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Kenny Britt Hamstring Injury Will Hurt Titans Immensely

It’s been an eventful year for Titans wide receiver Kenny Britt. The second-year man from Rutgers was coming off a decent rookie campaign and an off-season and preseason full of disappointment. Despite Jeff Fisher threatening to bench him, Kenny stepped up after Justin Gage got hurt and promptly caught fire.

Britt scored in five straight games, including a record-setting performance against the Eagles. In the week seven matchup, Britt caught seven passes for 225 yards and three touchdowns, establishing himself as Tennessee’s biggest threat in the passing game. He was living up to the expectations of being a first-round draft pick and giving the Titans another offensive weapon aside from Chris Johnson. Unfortunately for Tennessee, Britt suffered a hamstring injury against the Chargers and will likely be out a significant amount of time.

Tennessee is now 5-3 and second place in an extremely competitive division. With the amount of stacked teams in the AFC, losing Britt for an extended period of time (it could be the whole season), will be detrimental to Tennessee’s playoff hopes. To me, Britt’s injury ranks as costly to a team as any other injury that has occurred this season and could be the reason they miss the post-season.

Photo Credit: AP Photo/Gregory Bull

Peyton Manning Disregards Criticism from Ron Jaworski

While many people are looking forward to the Monday Night Football game between the Colts and Texans to see if Arian Foster will set more franchise records against Indy’s defense, there’s another matchup about which I’m more excited. Seeing how ESPN analyst Ron Jaworski handles his commentary about Peyton Manning piques my interest.

A few weeks ago Jaws suggested in an interview that father time may have been catching up to Peyton. That was after the Chiefs’ defense had shut down Indy’s passing game and before Manning went for over 300 yards to beat the Redskins. After initially dismissing Jaws’ suggestion, I noticed Peyton lacked velocity on many of his throws against Washington though he had good stats.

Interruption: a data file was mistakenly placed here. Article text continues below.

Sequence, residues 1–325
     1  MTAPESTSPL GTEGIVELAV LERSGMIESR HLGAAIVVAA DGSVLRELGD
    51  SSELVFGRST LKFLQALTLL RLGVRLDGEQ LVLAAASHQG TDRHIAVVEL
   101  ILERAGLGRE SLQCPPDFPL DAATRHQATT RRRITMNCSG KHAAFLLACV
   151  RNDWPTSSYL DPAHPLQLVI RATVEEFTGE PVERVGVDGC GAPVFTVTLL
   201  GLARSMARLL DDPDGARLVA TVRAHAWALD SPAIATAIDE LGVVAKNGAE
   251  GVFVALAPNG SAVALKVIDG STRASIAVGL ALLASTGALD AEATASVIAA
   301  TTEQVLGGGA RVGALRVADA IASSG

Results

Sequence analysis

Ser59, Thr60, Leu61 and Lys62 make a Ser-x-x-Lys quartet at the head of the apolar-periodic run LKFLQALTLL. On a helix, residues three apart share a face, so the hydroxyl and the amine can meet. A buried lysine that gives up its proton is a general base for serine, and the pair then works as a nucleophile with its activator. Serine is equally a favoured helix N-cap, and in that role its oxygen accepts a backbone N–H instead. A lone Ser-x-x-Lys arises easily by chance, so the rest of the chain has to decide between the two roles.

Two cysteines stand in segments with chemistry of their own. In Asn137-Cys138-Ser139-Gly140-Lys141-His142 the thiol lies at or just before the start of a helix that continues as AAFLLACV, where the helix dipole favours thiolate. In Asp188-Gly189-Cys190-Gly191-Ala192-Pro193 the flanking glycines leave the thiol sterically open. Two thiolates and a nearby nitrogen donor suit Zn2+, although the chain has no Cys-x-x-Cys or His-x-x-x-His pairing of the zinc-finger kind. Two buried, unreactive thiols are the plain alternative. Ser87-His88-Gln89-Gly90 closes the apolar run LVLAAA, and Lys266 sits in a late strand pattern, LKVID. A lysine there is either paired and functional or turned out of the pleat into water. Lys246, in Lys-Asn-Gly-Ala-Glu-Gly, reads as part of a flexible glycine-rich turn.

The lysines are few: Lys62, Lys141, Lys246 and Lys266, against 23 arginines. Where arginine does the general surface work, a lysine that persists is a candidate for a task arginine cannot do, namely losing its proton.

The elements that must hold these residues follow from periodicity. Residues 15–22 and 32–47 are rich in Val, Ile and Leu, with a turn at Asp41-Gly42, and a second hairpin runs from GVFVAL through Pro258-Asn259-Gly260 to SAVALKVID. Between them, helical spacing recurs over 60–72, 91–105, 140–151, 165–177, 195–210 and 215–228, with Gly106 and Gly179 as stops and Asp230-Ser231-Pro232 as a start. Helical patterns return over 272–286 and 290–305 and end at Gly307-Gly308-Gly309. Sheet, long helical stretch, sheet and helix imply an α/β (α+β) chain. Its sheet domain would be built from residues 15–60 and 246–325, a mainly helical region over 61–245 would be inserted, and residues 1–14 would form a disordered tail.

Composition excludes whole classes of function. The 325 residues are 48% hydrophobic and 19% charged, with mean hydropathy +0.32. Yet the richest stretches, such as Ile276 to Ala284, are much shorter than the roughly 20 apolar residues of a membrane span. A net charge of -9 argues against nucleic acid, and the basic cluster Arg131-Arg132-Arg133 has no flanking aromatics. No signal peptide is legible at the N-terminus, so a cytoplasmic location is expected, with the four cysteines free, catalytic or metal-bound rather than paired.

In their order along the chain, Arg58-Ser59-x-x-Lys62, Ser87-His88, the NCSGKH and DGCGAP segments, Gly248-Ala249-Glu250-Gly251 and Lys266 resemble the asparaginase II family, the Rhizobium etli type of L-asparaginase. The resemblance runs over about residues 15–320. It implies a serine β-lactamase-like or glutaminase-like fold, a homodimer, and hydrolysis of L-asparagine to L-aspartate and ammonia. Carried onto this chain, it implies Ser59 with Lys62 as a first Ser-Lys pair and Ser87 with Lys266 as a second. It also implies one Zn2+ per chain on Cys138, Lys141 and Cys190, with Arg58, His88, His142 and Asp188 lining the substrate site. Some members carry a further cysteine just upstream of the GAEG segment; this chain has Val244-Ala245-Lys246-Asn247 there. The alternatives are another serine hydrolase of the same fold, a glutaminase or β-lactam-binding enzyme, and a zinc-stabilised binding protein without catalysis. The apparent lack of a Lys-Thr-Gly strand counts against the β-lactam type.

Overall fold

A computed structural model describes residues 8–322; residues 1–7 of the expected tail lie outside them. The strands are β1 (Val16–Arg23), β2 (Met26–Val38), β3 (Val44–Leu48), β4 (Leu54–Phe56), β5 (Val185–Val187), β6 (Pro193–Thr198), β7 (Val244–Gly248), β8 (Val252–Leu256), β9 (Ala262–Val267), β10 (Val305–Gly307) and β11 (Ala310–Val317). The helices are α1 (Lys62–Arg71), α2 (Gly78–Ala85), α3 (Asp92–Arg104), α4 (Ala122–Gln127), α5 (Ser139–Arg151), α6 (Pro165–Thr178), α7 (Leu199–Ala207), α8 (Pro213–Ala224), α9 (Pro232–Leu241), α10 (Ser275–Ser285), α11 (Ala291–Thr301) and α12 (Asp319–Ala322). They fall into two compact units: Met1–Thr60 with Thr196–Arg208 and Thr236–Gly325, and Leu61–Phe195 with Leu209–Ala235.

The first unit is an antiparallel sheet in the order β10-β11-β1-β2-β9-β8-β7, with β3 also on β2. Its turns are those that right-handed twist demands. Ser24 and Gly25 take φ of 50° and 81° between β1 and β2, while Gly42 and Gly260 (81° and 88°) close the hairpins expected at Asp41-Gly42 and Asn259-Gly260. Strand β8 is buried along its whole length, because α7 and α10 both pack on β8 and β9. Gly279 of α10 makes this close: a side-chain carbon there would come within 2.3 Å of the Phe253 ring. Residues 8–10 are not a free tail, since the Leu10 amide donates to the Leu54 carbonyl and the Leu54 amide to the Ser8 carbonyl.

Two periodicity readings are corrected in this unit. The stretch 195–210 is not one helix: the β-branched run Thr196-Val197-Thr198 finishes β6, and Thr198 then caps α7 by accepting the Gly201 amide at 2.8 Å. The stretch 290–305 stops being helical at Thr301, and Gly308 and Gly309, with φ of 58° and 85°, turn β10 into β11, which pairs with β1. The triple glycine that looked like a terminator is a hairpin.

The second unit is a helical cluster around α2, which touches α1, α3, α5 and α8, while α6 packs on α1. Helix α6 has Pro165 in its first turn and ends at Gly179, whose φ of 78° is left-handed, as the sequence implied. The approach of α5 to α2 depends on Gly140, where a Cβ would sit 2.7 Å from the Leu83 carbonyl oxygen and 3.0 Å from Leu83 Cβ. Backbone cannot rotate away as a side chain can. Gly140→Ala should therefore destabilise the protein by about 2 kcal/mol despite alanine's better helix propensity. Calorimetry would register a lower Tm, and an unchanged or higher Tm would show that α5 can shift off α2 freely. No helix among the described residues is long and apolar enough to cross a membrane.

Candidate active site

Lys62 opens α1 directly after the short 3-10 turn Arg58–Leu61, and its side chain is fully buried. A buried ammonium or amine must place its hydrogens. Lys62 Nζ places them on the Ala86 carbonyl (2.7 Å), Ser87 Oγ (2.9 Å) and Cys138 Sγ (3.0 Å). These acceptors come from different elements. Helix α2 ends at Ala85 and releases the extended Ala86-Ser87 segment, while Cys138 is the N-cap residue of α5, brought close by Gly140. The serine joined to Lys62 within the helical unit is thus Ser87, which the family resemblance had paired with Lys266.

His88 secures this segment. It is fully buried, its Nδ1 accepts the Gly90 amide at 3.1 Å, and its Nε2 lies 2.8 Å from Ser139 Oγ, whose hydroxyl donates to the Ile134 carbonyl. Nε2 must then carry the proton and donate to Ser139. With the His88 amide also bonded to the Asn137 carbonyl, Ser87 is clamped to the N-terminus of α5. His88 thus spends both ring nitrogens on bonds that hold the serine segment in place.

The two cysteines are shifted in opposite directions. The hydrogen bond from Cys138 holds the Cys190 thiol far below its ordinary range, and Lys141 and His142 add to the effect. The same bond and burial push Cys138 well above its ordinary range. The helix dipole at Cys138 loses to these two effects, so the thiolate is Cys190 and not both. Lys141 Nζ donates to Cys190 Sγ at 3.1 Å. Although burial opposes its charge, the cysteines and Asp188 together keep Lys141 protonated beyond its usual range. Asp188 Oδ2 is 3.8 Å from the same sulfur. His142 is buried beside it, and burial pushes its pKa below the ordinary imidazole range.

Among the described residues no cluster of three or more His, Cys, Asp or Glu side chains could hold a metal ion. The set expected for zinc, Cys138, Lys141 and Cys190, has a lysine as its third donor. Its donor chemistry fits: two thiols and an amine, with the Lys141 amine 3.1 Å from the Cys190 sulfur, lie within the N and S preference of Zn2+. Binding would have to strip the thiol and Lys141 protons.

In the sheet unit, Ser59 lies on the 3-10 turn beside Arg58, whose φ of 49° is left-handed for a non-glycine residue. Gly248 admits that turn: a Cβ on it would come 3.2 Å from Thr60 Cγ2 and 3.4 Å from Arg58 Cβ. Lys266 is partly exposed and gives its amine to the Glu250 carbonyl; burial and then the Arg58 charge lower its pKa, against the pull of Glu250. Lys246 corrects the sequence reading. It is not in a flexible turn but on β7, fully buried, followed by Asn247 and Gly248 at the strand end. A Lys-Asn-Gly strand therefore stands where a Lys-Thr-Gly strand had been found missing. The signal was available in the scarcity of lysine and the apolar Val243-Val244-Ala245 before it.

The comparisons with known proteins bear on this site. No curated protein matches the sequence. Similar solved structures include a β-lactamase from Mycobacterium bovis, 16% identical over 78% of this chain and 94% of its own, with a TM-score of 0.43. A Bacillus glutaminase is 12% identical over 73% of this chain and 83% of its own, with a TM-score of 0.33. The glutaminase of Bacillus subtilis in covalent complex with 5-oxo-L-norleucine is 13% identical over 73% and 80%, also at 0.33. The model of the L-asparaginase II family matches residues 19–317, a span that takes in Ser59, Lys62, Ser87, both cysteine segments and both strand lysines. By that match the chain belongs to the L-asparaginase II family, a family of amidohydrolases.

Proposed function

The comments by Jaworski got back to Peyton for a response. The All-Pro shrugged off the comments and declined to get into things saying “I really have zero reaction.” Players take criticism of that nature personally and some hold it against broadcasters. Peyton will likely be out to prove to people — Jaws especially — that he is still an MVP quarterback and on top of his game.

What’s rare is to hear a game analyst like Jaworski be critical of a star player. Broadcast crews meet with teams and players prior to games in order to prepare for their telecast. To say the production meetings between Manning and Jaws were awkward is probably an understatement. I wouldn’t be surprised to hear Jaworski address his critical comments at some point during the game or go all out in praise of Peyton as an apology. Getting into conflicts like this one is exactly what keeps television personalities from being critical in their analysis.

Randy Moss Reportedly Waived by Vikings but Unlikely to Return to Patriots

Talk about a shocker you never saw coming, NFL Network’s Michael Lombardi reports that the Minnesota Vikings have waived wide receiver Randy Moss. This surprise is only slightly less astonishing than New England’s decision to deal the playmaker four weeks ago. Minnesota coach Brad Childress reportedly informed his team that Moss would be waived after Moss did not return with the team to Minnesota from their road trip to Foxboro.